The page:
Visual Impact / Rainer Eder.” src=”https://d1vs4ggwgd7mlq.cloudfront.net/wp-content/uploads/Article-Images/News-Photos/sharma-2-stokingfire.jpg” />Last week Chris Sharma completed the first ascent of Stoking the Fire (5.15b) in the massive cave of Santa Linya in Catalunya, Spain. Perhaps the most prolific first ascentionist of high-end sport climbs, Sharma not only envisions and bolts these futuristic lines, but he also has the ability and work ethic to send them. Stoking the Fire is another example of Sharma operating at the highest level of the game. Rock and Ice caught up with Sharma the day after he clipped the chains of Stoking the Fire– which happened to be the same day Adam Ondra sent La Dura Dura (5.15c)– to learn more about this burly route.
It seems that Stoking the Fire meant a lot to you. What was your process with this route?
I’m super happy to have done this route! It was never my main objective, but it’s something I’ve gone back to so many times over the last few years and in the end took me quite a long time to put together. Santa Linya is a huge cave about 25 minutes from our house and for us it’s like our climbing gym. The lines are steep powerful and continuous. Climbing there and you just get stronger.
Stoking the Fire was one of the last few projects I had remaining at the cave so whenever we end up climbing in Santa Linya I would try it.
Was sending Stoking the Fire a mental breakthrough for you?
For me it was somewhat of a breakthrough for sure. I’ve been focusing single pointedly trying these hard projects that are all probably in the 5.15c range. After a couple of years I was progressing on these projects, but I was still without anything to show for it. Even though I’ve been climbing better than I ever have, I kinda got used to just always failing. It was so good to do this route and break that cycle and some of the negative thoughts that can come along with that.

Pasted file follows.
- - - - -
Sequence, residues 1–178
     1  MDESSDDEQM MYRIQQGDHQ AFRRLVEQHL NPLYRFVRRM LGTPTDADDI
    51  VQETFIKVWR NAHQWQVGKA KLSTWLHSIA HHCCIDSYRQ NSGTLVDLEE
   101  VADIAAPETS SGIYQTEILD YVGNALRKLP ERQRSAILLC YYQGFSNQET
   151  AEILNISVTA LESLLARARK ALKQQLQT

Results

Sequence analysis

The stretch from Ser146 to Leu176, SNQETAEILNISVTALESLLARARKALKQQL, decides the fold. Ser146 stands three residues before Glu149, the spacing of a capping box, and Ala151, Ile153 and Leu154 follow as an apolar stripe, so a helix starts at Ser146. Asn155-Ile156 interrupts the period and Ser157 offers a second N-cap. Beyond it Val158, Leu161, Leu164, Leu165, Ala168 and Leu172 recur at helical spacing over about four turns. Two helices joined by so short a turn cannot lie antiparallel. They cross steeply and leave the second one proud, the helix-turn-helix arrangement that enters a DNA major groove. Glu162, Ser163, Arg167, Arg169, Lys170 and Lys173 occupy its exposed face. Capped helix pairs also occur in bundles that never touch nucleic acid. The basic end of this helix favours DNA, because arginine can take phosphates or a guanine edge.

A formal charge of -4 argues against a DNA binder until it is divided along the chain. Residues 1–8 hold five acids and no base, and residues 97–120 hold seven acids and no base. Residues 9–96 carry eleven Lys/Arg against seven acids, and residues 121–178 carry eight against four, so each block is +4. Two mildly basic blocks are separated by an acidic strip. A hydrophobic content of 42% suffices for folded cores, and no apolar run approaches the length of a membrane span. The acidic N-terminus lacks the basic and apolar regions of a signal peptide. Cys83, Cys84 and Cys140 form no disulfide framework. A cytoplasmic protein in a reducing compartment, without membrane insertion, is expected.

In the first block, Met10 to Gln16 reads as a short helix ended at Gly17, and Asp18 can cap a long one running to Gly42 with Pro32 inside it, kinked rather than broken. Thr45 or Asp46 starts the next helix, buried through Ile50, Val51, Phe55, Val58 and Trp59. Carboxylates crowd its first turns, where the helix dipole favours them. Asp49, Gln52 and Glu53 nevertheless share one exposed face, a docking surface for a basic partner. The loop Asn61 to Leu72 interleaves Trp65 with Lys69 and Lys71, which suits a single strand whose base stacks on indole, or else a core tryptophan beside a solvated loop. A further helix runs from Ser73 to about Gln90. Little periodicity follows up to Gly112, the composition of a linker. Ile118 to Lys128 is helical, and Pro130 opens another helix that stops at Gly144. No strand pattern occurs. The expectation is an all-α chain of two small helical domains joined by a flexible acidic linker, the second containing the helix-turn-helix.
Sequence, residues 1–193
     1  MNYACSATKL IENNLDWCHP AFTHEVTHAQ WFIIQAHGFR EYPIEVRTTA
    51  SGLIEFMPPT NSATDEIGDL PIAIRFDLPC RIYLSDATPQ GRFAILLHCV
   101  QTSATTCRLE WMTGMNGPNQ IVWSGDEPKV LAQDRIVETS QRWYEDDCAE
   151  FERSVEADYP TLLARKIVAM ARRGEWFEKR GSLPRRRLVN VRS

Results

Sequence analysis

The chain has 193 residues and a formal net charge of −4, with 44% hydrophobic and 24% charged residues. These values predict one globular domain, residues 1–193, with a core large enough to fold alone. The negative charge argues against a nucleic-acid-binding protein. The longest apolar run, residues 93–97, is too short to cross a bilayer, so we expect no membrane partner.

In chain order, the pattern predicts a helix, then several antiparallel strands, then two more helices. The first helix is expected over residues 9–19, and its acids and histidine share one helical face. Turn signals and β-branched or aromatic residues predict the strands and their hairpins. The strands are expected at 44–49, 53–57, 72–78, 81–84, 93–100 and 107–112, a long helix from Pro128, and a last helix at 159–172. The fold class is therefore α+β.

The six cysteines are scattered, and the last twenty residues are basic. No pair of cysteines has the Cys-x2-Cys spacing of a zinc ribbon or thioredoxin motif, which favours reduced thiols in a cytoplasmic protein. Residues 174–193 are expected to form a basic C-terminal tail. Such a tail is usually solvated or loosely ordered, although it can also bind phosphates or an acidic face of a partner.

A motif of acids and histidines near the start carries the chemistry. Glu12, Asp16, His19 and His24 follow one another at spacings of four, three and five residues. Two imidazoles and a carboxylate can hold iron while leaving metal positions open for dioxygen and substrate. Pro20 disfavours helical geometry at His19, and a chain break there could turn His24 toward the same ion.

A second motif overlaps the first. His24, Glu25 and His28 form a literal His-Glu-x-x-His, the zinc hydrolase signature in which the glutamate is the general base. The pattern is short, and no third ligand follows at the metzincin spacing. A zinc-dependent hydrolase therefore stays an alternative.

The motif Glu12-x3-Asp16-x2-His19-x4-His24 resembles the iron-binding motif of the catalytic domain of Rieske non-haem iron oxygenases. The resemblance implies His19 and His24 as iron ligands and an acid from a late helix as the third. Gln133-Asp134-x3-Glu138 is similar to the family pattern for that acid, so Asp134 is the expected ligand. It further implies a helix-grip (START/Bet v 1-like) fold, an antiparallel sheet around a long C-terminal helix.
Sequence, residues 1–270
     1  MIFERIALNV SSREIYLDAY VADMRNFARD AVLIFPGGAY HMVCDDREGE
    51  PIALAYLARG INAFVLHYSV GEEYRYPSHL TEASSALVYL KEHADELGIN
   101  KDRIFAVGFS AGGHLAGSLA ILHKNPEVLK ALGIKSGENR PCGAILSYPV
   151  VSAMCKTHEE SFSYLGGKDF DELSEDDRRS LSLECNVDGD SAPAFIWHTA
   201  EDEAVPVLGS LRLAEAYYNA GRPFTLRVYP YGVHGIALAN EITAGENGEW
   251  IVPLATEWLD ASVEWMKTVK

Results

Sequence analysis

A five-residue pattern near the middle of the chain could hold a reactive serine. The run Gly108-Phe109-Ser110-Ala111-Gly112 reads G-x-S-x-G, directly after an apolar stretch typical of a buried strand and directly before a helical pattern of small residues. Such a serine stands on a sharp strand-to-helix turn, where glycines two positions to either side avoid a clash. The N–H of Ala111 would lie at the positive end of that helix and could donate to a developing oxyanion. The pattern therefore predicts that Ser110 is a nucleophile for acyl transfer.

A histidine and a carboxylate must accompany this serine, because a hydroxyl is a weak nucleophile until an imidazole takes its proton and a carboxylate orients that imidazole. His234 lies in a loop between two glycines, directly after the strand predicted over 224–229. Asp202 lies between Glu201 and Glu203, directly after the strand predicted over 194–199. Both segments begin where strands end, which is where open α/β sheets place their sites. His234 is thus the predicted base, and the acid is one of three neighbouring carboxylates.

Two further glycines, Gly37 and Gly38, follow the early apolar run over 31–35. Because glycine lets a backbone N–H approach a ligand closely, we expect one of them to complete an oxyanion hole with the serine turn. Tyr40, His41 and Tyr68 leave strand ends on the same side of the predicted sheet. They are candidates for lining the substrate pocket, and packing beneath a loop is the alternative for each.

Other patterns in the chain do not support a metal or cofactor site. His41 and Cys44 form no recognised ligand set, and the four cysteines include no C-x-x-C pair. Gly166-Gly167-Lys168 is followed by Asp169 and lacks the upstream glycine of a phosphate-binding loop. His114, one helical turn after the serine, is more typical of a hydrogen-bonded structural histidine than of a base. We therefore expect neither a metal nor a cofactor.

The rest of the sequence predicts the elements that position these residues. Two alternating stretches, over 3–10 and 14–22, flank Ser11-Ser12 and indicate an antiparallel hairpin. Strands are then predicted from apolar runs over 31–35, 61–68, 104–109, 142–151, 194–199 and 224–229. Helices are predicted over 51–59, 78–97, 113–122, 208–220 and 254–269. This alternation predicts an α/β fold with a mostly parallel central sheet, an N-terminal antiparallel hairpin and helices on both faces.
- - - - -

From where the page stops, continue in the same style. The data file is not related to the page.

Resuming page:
What is the climbing on Stoking the Fire like?
The style of the route is very steep, powerful and continuous. For me this kind of route is hard because there aren’t any places to shake and you just have to climb super tight and precise nonstop. There is like a 7 move crux with a bunch of left hand underclings and several hard stabs to a two and one finger pocket. The climbing is very involved and complex. For every hand move you have to do several foot moves.
Do you have other lines left that you bolted in Santa Linya?
There is a right hand finish that I bolted which will add another a section of 9a (5.14d) climbing on top of all the hard climbing of Stoking the Fire. This will surely be 9b+ (5.15c) or more. After sending the first part, I’m pretty psyched to start working on the harder finish.
What’s next? Will you focus on La Dura Dura now? Or do you always keep multiple projects?
I’m super psyched to keep working on La Dura Dura. It is so inspiring that Adam sent today! In general though I work on several projects at once since it’s a good way of keeping things fresh, staying inspired and not get overwhelmed by taking it all too seriously.